Ancient Cedar root found nine miles offshore could be older than previous find
A local architect diving nine miles off the coast of Bermuda made an unusual discovery this summer a tree root planted 53ft below the surface.
Harold Convers, who made the discovery while diving with Triangle Diving, said: “At first I thought it might be a piece of a wooden shipwreck just emerging from the sand and wedged up against the undersea cliff.
“Tree roots on occasion can and do get swept out to sea and can be found wedged under rocks after hurricanes, but this seemed different to me. It did not look like it tumbled there, but that it was
in situ, that it had grown there.”
While tree roots have been found off the coast of Bermuda in the past, at around 35ft below the surface, this discovery is significantly deeper.
Renowned local diver Teddy Tucker said the discovery could have international implications, helping the scientific world better understand changing sea levels. “If this root does prove to be in situ it is likely to become a story of global significance, furthering our knowledge of sea level rise during the past 10 millennia and, perhaps, providing greater insight to what the future may hold,” Mr Tucker said.
Dr Philippe Rouja of the Department of Conservation Services said: “A new discovery is always exciting, especially one as potentially relevant as this.”
Last month, researchers including Dr Rouja and Mr Tucker, returned to the site to examine and take samples of the root. Divers cut sections of the root and brought two samples to the surface. It was said that the inside of the root appeared well preserved, and still carried the distinct smell of Bermuda cedar.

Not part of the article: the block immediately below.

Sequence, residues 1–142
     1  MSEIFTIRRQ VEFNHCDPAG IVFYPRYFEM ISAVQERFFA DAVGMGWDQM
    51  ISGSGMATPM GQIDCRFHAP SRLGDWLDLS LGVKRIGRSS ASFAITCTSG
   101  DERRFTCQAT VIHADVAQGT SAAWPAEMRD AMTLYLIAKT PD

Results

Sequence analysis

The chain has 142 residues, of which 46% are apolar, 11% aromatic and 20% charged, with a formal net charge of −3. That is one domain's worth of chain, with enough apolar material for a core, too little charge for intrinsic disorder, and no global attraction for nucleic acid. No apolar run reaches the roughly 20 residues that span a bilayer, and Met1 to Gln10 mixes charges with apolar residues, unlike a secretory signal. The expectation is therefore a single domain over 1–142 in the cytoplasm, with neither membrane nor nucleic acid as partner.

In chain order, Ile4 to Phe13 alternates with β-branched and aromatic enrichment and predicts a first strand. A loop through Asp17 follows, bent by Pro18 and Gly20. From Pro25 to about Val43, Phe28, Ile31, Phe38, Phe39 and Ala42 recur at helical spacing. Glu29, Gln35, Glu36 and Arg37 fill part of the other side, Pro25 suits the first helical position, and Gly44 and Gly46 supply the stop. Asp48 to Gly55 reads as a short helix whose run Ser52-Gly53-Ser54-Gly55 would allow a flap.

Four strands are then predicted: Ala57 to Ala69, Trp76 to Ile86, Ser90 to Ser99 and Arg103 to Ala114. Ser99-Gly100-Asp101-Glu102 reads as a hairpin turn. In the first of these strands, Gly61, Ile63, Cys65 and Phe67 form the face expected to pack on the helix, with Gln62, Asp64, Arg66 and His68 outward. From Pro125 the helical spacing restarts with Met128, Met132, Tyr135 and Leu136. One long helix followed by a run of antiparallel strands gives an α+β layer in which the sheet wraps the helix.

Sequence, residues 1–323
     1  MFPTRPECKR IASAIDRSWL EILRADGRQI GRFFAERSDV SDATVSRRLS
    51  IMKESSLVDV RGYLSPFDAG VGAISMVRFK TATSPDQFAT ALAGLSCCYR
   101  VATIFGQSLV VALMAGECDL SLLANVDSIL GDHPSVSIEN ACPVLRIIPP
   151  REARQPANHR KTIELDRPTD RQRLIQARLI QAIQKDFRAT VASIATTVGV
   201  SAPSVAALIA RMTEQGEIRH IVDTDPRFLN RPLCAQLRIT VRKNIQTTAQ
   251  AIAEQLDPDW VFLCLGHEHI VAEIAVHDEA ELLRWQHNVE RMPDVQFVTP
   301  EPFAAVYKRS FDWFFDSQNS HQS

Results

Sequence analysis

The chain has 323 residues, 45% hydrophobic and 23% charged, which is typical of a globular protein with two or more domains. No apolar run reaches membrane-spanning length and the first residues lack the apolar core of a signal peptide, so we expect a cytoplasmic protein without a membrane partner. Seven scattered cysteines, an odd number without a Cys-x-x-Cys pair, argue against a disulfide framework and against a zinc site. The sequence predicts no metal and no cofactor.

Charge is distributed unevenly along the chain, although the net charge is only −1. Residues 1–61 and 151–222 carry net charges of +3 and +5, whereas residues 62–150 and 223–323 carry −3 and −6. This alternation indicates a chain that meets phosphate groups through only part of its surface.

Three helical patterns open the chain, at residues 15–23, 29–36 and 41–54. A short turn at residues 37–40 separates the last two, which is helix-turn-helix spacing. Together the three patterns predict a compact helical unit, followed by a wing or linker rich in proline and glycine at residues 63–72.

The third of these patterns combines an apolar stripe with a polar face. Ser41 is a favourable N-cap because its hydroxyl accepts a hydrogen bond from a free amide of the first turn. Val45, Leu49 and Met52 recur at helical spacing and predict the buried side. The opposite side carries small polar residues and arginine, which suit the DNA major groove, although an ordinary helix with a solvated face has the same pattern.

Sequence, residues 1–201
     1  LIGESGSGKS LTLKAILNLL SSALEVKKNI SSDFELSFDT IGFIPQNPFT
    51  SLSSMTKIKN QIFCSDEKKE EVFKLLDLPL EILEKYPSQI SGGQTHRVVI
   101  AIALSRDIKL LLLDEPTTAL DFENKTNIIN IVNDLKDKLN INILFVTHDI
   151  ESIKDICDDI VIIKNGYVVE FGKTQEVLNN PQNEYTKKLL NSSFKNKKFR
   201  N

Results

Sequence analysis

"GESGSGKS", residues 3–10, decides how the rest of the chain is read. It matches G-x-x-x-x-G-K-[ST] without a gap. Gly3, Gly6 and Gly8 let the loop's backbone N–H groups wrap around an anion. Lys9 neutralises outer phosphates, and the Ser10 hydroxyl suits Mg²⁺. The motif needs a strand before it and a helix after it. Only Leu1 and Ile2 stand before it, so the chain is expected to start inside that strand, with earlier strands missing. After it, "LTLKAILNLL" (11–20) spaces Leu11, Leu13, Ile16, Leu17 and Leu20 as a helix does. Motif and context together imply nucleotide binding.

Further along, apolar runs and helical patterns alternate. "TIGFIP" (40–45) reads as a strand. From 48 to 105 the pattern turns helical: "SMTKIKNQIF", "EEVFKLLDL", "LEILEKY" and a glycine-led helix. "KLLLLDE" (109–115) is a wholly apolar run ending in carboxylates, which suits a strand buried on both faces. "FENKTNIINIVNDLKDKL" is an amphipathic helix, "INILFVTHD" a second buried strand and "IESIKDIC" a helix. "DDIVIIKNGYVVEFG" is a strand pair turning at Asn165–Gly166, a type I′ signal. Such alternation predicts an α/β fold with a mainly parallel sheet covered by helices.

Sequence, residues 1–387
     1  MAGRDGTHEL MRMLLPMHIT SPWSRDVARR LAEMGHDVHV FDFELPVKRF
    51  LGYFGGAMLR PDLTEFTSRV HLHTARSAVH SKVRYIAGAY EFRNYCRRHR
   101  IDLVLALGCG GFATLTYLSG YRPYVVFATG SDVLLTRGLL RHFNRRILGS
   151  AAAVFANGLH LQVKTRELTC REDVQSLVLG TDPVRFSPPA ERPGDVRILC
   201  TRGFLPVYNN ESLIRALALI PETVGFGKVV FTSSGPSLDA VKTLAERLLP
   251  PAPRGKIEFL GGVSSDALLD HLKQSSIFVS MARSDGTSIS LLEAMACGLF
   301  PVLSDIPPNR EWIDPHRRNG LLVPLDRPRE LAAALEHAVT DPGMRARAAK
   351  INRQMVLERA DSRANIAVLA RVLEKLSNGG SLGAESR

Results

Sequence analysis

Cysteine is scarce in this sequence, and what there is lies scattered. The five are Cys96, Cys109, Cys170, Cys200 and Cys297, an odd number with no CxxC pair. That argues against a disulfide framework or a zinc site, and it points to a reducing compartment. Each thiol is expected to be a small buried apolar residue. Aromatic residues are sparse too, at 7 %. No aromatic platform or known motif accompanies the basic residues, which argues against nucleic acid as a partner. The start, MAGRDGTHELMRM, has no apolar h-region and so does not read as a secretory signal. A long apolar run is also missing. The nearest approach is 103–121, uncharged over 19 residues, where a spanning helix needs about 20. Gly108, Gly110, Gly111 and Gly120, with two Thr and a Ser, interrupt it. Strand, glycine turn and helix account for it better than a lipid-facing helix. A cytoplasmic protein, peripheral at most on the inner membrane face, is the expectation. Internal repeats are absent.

Samples from the root have since been sent to Professor Steve Balsco at the Bedford Institute for radiocarbon dating, with the results expected sometime early next year.
Mr Tucker had previously located a drowned cedar forest 35ft below sea level near Gurnett Rock.
Carbon dating revealed that the trees had been alive and above water 7,290 years ago.
The data was used to help map the rising sea levels in the Atlantic. Mr Tucker explained: “It is the deepest sample we have to date and if we can get a clean radiocarbon date it will help us establish where the sea level had not yet reached at a given time.
“We could speculate that it will be significantly older than the roots submerged at Gurnett Rock in 35 feet but as with all things on the ocean I am prepared to be surprised.
“If the date is close to that at Gurnett Rock then it could suggest that sea level rates were rising much faster 10,000 years ago than we had previously thought.
“Regardless of what date comes back we will have another confirmed point to help us reconstruct Bermuda’s sea level history a history that scientists consider to be an important benchmark for sea level rise in the Atlantic.”
And by mapping the past of the Atlantic Ocean, Dr Rouja said researchers would be better equipped to predict what will happen in the future.
Dr Rouja said: “Has sea level been smoothly and incrementally coming up over this time?
“Has it been coming up in a series of evenly spaced bigger jumps with occasional regress or has the rate increased exponentially in the last 1,000, 500 or 100 years? This latest find may well add yet another critical piece to the puzzle so we can better understand sea level rise.”